Find joy in general release sneakers
I’ll tell you a not-so-secret about buying sneakers: The whole experience sucks. Maybe you’re not a sneaker enthusiast per se – I probably am not by today’s standards either – and you’re not fashionable the way it is these days. Let me explain.
Let’s say there’s an upcoming release that’s getting a little bit of interest. It was picked up by the usual press and the responsible brand – for example, we will go with Nike – made its presence known on their social networks. Then until the day it falls, it sits on some sort of release calendar, a date keeper for popular kicks, as the name suggests.
There you can sign up to be notified once it is out or, if done by lottery, placed in a lottery for the luck to buy them. Most of the time, you will need to enter your credit card information, a shipping address, and an email before checking out. It’s convenient, in theory, but only if you end up getting a pair – which it seems never happens.
On the same day, a number of social media accounts count the minutes until it drops. Some promise a way in and at least an “add to cart”. They are almost always gone by the time the page loads.
Many brands have pledged to democratize the buying process, while some have virtually guaranteed that they have eliminated bots, stockpile dealers, and backdoor shopping. (Even Nike ran into some issues. Did you read the news on a Nike executive redirecting the shoes directly to their reseller son?) But what are we really doing?
Some sites feature puzzles and other interactive gateways that only humans can maneuver. Others block suspicious IP addresses or entire IP address ranges as appropriate. URLs are modified to avoid mentioning a product by name, often escaping the automated system that hunts them.
Sure, that’s good news and all but what’s the point? Shouldn’t we ask them to respond to real problem? Buying sneakers is no longer fun! And before you call me the old man screaming for the clouds – I’m 26, relax – I think we can all agree that things got out of hand. The long lines once reserved for the blocks surrounding stores like Supreme have since gone online and are growing every week.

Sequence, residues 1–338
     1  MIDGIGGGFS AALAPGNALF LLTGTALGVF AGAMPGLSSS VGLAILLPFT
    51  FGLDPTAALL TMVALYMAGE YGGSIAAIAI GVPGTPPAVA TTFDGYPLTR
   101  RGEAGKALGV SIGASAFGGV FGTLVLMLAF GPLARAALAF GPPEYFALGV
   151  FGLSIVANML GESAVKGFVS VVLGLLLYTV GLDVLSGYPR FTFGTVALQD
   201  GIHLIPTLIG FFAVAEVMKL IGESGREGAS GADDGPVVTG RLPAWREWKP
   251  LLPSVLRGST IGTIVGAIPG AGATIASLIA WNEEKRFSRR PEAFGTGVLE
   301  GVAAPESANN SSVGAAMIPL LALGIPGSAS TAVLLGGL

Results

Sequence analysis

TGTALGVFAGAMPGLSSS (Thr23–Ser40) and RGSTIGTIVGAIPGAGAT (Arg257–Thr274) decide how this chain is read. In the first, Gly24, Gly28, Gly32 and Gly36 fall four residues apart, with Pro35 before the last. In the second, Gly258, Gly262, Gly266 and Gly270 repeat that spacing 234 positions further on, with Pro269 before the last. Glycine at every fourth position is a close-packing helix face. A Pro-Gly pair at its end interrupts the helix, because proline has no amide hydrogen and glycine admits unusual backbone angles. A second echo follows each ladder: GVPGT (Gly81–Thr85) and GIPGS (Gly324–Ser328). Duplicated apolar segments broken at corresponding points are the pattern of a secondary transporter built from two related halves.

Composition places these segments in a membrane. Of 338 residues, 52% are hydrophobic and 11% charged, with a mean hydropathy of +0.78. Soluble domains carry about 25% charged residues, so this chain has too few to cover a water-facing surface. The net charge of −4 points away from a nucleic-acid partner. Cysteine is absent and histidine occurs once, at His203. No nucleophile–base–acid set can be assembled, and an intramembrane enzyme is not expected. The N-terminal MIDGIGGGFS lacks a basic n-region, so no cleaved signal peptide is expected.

Demand far exceeds supply, in most cases. Whether it’s fear of a flop or frugality, brands capable of producing more products simply choose not to, which drives up interest and resale prices. Those equipped with the technology or the spare time to acquire the desired pair become the privileged few who wear them (most of the time not) or full-fledged businesses taking advantage of others trying to get theirs as well.
The entire ecosystem is a high speed train unable to slow down. Right now there are 15 sneakers – not pairs but styles – with auctions over $ 20,000 on StockX, one of the most popular dealer networks. 27 different styles on GOAT, another platform, are on top of this same demand. If Nike suddenly had to restock the Dior Jordan 1s – a style selling for up to $ 27,000 – no one would be crazy. More people would buy them. Nike would earn more money. It would be the dealers who would flounder. So who benefits from scarcity?
It’s not like Nike takes a cut every time one of its sneakers is sold in the aftermarket. Instead, intentional scarcity maintains a manufactured market – or hype – designed to differentiate consumers and product classes from one another. It’s that kind of division that creates a culture that admires an all-over patterned shoe, arguably ugly (Ben and Jerry dunks), but destroys comfortable, reasonably priced shoes (the Nike Roshe One).
Sure, a simple Nike mesh might not be the most eye-catching option, but there are plenty of other general release sneakers out there that are worth wearing. Have you checked out the usual mall staples lately? Champ’s, Footlocker, Journeys, Footaction? There is good sneakers out there – and you don’t have to shell out several one hundred dollars for. See our picks from these popular retailers below. Free yourself from the burden of buying over-publicized sneakers!
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